Sandman Stories--The Film Study

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(by Meg, added on 19 March 2012 06:13 AM)

We got back around mid-afternoon, and sat around with the older sister and friend in Taya's basement. Wow, that's a shock, I thought as soon as I made it all the way downstairs. It was exactly like it is. In reality, I mean. Whatever that was. I chuckled a little to myself. I didn't know, but this whole thing felt pretty real. No fake Hollywood scenes, no dramatic sappiness that had to be a act; nothing like that. It was all real enough; I guessed it had become my reality now. And then, suddenly, it was night.
Just like that.

No way! Not fair! Just as I was beginning to accept how real this whole thing was, I get leapfrogged ahead by at least 5 hours. Talk about mental whiplash! But it did make sense, once I thought about it. I'd seen plenty of shows that had time jumps like these. The directors found it necessary; a means of cutting out irrelevant stuff, and cutting down on the length of the film in the process. I guess nothing important had happened between then and now. Nothing relevant to the main story--my main story--anyways. But still, even though I understood it, it was a bit unnerving. Kinda like passing out after you drank too much and suddenly waking up at a totally different time of day with no recollections of the time that had passed. Like that minus the headache. I wonder how the film crew would react if they got a letter from me about it, say, a few weeks down the road.

Taya'd apparently gone to bed, and I was hanging with the older sister and her friend. This wasn't unusual for Taya. She could act all she wanted, but in truth, she was a bit of a pansy at staying up late. I was the exact opposite: a night owl. It didn't surprise me one bit that she'd hit the hay already. So that left me and the 2 older girls--Taya's "sister" and her friend. I wasn't sure where the parents had got to, they had either gone out somewhere or crashed too. I couldn't tell how late it was, but the sun was down. It had went to sleep as well, I thought to myself. But the stars weren't. They were out in full force. And the moon. It was waking up too, big and full and round. It cast the house, the yard and the beach in a erie, mysterious quicksilver. It was tangible; you could feel that glow. You didn't need to see it.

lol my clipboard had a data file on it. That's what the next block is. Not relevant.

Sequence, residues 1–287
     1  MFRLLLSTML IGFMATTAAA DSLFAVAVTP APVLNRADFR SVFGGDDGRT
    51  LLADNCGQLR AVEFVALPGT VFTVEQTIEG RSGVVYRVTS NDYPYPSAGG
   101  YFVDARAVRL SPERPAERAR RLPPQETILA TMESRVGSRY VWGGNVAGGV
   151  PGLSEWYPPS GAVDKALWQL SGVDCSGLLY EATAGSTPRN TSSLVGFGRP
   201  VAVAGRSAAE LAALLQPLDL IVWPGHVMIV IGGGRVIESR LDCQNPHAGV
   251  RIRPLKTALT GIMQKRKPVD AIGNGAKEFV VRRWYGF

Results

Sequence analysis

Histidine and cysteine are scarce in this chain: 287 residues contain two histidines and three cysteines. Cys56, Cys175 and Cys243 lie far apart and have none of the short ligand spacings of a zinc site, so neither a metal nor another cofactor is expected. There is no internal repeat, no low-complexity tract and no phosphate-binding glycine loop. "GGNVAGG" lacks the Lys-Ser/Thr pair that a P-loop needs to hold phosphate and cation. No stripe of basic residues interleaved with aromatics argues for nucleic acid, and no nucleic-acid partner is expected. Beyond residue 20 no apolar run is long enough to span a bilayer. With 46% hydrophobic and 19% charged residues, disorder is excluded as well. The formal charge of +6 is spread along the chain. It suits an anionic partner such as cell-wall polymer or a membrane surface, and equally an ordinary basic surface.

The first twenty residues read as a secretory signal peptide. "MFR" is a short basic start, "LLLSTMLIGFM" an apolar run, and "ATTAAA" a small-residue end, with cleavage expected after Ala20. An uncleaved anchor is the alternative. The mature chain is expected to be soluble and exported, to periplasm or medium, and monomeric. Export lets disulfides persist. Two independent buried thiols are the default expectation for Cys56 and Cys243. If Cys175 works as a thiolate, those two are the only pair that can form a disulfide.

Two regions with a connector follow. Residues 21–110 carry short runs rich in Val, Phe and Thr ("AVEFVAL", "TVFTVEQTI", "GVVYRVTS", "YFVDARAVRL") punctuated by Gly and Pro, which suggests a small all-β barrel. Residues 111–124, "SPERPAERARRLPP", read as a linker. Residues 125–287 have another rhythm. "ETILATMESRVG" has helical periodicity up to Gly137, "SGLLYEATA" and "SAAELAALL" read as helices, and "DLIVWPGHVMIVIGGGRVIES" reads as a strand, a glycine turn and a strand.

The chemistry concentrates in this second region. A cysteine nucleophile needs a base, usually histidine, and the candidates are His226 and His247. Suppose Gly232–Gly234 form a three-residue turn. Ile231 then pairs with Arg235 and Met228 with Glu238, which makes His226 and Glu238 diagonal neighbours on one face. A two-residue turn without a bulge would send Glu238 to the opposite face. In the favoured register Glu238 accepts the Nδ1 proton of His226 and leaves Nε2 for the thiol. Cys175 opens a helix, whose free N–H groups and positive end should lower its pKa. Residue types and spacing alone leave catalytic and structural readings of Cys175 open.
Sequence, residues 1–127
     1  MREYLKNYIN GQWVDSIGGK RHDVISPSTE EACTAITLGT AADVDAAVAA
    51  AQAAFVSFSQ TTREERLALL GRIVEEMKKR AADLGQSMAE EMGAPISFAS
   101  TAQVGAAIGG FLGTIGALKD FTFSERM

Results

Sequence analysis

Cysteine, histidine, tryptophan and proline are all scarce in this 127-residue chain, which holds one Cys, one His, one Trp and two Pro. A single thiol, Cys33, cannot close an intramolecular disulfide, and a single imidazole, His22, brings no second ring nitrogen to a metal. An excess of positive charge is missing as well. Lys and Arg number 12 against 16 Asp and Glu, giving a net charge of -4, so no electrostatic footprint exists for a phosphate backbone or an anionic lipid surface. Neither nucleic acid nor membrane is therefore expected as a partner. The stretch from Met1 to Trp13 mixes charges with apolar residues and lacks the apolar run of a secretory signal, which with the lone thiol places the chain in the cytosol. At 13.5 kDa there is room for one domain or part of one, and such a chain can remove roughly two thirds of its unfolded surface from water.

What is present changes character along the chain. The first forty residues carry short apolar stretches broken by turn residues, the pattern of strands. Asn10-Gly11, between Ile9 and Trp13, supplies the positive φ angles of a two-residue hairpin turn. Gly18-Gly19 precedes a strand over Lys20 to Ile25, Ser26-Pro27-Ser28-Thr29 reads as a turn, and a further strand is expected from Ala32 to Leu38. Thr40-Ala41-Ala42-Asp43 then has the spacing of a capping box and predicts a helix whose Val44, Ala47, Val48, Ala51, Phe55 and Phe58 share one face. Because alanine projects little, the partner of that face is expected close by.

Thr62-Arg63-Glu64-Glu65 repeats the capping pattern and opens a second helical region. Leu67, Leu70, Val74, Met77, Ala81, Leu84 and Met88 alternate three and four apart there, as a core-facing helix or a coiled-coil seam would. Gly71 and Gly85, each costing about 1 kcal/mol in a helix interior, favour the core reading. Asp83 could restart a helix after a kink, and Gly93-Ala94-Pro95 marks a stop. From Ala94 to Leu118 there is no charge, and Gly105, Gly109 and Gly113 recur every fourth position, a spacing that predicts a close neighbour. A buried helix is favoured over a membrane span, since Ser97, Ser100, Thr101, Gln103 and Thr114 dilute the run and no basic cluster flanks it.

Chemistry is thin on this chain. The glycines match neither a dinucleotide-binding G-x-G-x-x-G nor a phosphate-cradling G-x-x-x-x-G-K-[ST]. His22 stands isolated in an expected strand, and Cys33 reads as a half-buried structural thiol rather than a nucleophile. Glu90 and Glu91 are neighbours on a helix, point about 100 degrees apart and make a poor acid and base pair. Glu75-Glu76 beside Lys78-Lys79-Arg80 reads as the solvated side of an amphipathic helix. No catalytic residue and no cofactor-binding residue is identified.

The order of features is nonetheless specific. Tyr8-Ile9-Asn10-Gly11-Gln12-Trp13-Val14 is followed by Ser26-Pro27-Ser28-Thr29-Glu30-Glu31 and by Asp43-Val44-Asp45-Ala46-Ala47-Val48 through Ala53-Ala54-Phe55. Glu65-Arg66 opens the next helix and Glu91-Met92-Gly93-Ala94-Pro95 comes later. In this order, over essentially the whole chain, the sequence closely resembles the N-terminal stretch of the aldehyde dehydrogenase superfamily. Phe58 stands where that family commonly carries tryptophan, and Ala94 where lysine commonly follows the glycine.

We hung out for a little bit around the house, but it didn't take us long to discover that we were really bored. So we went down to the beach. It was one of those dark, warm nights where the last thing you wanna do is sleep. None of us were the least bit tired. We wanted to do something.

We kicked back on the rocks for a bit with some music, just hanging out and talking in the silky night air and the creepy moonlight. Then one of the girls suggested we take the speed/sail boat out for a midnight jaunt, just for something fun to do. That sounded like a good, adventurous idea to me--I guess I'd kinda gotten tired of waiting for this impending death--so we walked to the boat launch. They steered the boat out around the rocks and into the ocean. They started talking about how they'd just moved, and some of the people there, but I was kind of an outsider since I didn't know any of them. We were just having a good time, giving the motor full throttle, riding on the swells, letting the night air blow in our faces--when the teacher stopped the movie.

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